A Catholic Monthly Magazine

Beatification of Pauline M Jaricot

Pauline Jaricot will be beatified in Lyon on 22 May 2022. She is best known as the founder of the Society for the Propagation of the Faith. In the early 19th century the Church was experiencing a flourishing of its missionary activity in the so-called New World. The Society for the Propagation of the Faith grew out of the need to assist this missionary activity. Funds raised were sent initially to Asia and also to America to support the efforts of missionaries. 

Born during the French Revolution in 1799, Pauline Jaricot’s life was to become a testament to the power of lay people in our Church. She believed that if we all dedicate ourselves to praying a little and giving a little, we can help share God’s love throughout the world. Pauline’s parents gave her a loving upbringing and a living faith; she witnessed, and was inspired by, their acts of generosity and charity. In her teens, Pauline was a pretty and worldly young woman who enjoyed socialising and her life in high society.  Then her life was changed forever due  to a severe fall which affected her mobility. Pauline’s health deteriorated and she became depressed. A local priest visited her and reinvigorated her faith. With his guidance, Pauline’s love of God  was renewed.  

Pauline committed herself to small acts of charity – she believed, that in alleviating the suffering of those around her, she was alleviating the suffering of Christ. She changed her life: she gave away her finery and began to take care of people living in poverty, making daily trips to a hospice to tend and accompany those who were dying. Pauline also devoted her time to the young workers from the city’s silk factories – she started meetings and catechism sessions with them. “The poor are God’s true favourites... they bear his mark and his benevolence... God’s love gives value to the smallest actions...”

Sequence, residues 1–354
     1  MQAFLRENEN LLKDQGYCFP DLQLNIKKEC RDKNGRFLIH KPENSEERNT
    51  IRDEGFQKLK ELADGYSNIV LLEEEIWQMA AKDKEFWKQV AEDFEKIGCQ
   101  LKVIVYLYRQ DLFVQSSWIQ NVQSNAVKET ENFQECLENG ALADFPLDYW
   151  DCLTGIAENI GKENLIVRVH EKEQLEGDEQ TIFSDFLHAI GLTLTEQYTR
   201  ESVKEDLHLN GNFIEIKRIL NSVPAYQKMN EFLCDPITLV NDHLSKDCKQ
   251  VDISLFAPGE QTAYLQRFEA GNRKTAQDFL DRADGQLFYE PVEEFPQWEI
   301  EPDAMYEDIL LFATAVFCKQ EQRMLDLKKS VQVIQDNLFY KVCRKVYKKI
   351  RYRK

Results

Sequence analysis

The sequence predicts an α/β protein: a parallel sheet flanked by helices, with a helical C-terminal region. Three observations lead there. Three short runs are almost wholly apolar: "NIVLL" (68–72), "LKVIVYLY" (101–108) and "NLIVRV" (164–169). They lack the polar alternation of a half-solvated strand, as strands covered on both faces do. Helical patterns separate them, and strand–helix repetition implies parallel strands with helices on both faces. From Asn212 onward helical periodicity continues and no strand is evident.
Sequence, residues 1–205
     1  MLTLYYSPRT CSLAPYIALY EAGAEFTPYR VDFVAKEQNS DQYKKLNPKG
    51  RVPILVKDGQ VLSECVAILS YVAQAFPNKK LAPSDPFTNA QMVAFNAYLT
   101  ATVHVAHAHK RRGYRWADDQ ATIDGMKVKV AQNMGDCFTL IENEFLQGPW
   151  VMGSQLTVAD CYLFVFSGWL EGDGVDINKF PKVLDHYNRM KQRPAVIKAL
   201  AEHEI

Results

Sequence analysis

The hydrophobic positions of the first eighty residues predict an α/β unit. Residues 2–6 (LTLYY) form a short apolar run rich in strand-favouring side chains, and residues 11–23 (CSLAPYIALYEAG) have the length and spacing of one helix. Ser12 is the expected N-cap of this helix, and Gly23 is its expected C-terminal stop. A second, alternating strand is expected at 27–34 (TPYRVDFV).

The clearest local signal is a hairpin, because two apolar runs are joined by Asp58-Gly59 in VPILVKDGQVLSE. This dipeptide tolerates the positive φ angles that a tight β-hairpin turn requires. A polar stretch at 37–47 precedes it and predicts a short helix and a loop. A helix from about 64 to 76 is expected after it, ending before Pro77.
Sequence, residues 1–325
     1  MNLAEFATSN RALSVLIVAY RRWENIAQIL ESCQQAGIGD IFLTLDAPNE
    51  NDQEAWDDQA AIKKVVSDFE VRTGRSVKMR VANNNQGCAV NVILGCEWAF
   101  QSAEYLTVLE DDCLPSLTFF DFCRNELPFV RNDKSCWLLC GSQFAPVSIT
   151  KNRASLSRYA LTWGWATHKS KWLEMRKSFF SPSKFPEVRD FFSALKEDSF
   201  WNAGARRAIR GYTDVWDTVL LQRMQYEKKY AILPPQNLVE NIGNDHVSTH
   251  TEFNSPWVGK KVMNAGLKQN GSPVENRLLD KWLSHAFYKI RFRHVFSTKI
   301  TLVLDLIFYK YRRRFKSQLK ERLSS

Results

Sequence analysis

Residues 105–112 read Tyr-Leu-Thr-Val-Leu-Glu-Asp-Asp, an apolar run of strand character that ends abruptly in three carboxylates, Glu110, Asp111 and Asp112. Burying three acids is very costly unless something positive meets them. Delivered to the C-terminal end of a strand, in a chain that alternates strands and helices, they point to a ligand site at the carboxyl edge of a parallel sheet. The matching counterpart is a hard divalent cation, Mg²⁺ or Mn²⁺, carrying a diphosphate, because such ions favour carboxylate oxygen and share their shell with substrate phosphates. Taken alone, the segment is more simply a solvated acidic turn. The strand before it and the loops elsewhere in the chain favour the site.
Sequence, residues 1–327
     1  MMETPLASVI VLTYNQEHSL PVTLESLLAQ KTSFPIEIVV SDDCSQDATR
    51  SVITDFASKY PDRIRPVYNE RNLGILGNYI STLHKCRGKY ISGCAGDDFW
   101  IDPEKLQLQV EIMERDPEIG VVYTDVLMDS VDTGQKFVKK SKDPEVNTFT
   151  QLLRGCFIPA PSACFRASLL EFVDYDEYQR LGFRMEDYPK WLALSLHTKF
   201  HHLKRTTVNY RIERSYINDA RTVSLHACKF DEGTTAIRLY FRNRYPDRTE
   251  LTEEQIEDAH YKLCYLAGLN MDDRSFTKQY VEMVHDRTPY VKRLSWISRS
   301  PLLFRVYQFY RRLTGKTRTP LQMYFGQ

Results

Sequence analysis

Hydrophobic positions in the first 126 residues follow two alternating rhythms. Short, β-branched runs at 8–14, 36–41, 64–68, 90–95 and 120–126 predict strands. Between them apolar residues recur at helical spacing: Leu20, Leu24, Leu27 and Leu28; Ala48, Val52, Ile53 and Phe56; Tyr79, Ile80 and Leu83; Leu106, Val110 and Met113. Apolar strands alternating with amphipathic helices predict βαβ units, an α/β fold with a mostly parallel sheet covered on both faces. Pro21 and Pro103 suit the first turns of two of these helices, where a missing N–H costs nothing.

All of Pauline’s efforts and energy were channelled into fulfilling her missionary calling. She wanted to be a missionary overseas but because of her health,  and constraints as a woman of her time, she was unable to fulfil this role. So, she became a missionary from her  own home.

At age 19, Pauline established a penny collection among her father’s employees: the first social missionary network. Supporters met in small groups of ten to donate pennies, pray and exchange news about ‘the missions’. In turn, they created more groups. This network became the Association for the Propagation of the Faith in 1822. It then spread throughout the world. Pope Pius XI elevated its status to a pontifical society in 1922.

Pauline also founded the Association of the Living Rosary in 1826 because she wanted to reach out to others through prayer, connecting with all classes in society and spreading the Gospel through meditation on the mysteries of the rosary. Pauline saw the groups of the Living Rosary as a large spiritual family.

Pauline realised that for people to pray for ‘mission’ and support missionaries, they needed to know about the real challenges missionaries faced. What was it like to travel for months on a boat to the unknown? To become ill just after you stepped off the boat? To share Christ with those who had never heard of him?  To adapt to very different languages  and cultures?  So she began The Annals of the Propagation of the Faith. It was once the most widely read publication in the world.

Around 1823 Fr Colin, founder of the Society of Mary, had dealings with Pauline. He was on the point of abandoning his dream of founding the Society. Prophetically she exhorted him to leave aside his personal inclination against leading the project and encouraged him in his efforts to found the Society of Mary. 

In New Zealand, 200 years later, the Society for the Propagation of the Faith continues to support the mission of the Church. It is one of four Pontifical Mission Societies united under the umbrella of MissioNZ.

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